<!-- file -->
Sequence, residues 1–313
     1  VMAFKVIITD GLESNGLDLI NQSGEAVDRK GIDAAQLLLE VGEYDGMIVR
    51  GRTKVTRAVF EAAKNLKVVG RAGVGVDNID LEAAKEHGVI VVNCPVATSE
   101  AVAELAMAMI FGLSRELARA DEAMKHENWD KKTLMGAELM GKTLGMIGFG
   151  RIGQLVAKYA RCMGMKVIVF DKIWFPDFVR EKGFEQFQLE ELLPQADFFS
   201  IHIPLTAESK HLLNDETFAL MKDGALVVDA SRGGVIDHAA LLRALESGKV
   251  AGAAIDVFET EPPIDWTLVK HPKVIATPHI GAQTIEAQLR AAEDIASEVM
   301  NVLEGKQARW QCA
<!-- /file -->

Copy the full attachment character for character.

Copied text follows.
Sequence, residues 1–313
     1  VMAFKVIITD GLESNGLDLI NQSGEAVDRK GIDAAQLLLE VGEYDGMIVR
    51  GRTKVTRAVF EAAKNLKVVG RAGVGVDNID LEAAKEHGVI VVNCPVATSE
   101  AVAELAMAMI FGLSRELARA DEAMKHENWD KKTLMGAELM GKTLGMIGFG
   151  RIGQLVAKYA RCMGMKVIVF DKIWFPDFVR EKGFEQFQLE ELLPQADFFS
   201  IHIPLTAESK HLLNDETFAL MKDGALVVDA SRGGVIDHAA LLRALESGKV
   251  AGAAIDVFET EPPIDWTLVK HPKVIATPHI GAQTIEAQLR AAEDIASEVM
   301  NVLEGKQARW QCA